There is something odd, and I’ve not seen a canon reason for it – all the creatures you’ll encounter in Icarus are normal Earth animals. Polar Bears, wolves, rabbits, deer, and chamois — just to name a few of the creatures you’ll find on the planet’s surface. Despite being an alien world, there is no alien life. Even the plants are the same. Icarus was a chance to encounter dangerous new life on a dangerous new world – a missed opportunity.
The mission structure of Icarus is one of incremental improvements. The first missions ask you to do something simple like hit three survey points and then exfiltrate back to the station. Simple in and out. The next one has you hitting a few terrain zones for new potential drops zones. Once you do that one, though, the rest is up to you. The missions are laid out on a grid with little more than a cursory description, a level requirement as well as a skull rating, and a difficulty ranking of easy, normal, hard, and beyond. These are not suggestions, but warnings – you are going to die if you tackle things beyond your skills. We’ll get into death a bit more in a moment.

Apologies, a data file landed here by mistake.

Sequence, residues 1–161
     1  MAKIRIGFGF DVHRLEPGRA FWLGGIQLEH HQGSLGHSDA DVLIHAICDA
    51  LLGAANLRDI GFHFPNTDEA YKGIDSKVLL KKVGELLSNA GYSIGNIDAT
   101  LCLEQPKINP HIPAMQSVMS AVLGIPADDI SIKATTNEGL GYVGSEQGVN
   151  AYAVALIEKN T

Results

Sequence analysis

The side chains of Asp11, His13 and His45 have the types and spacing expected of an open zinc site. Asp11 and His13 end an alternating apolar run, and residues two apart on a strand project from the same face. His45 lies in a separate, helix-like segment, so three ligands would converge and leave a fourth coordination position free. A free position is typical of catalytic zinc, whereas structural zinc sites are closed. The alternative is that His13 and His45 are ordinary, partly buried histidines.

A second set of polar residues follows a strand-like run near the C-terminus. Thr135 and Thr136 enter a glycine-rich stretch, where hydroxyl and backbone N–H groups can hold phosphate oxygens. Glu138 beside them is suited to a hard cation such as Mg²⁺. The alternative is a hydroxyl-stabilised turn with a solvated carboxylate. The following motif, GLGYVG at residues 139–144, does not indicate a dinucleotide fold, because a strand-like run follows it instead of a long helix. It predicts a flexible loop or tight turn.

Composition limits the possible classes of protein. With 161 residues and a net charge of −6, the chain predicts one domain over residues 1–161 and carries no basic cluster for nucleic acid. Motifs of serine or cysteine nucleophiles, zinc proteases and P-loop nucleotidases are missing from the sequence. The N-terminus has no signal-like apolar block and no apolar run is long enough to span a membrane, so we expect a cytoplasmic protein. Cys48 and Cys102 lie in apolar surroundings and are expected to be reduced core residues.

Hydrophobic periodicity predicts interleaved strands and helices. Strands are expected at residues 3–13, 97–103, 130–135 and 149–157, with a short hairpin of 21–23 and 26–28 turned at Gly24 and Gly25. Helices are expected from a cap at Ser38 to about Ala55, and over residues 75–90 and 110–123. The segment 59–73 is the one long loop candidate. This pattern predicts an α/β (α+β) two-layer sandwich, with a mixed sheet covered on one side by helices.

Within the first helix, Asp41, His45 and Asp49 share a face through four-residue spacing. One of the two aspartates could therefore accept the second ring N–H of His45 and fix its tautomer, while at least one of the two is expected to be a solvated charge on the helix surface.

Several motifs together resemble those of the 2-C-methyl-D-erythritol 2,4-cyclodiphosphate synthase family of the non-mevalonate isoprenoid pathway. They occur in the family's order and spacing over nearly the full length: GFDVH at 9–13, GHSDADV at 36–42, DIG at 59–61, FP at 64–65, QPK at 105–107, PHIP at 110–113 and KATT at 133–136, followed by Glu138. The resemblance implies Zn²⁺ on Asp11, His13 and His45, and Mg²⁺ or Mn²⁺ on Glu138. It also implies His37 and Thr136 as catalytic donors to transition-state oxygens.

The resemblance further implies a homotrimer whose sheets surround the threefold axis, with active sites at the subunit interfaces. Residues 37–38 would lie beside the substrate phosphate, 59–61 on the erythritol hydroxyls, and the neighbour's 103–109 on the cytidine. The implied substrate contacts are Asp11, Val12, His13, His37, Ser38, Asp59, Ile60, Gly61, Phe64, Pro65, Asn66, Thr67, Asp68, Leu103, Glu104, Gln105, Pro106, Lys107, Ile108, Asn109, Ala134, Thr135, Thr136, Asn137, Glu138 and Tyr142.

There is one mission off the main branch that asking you to kill a dangerous predator. That predator was eminently lethal when I was level 13 and had a partner, so don’t necessarily trust the difficulty or level statements. Similarly, another mission was to be my first outing into the arctic with “normal” difficulty level. The polar bears I encountered as well as the blistering cold had other plans. Icarus is once again teaching us hard lessons about trust.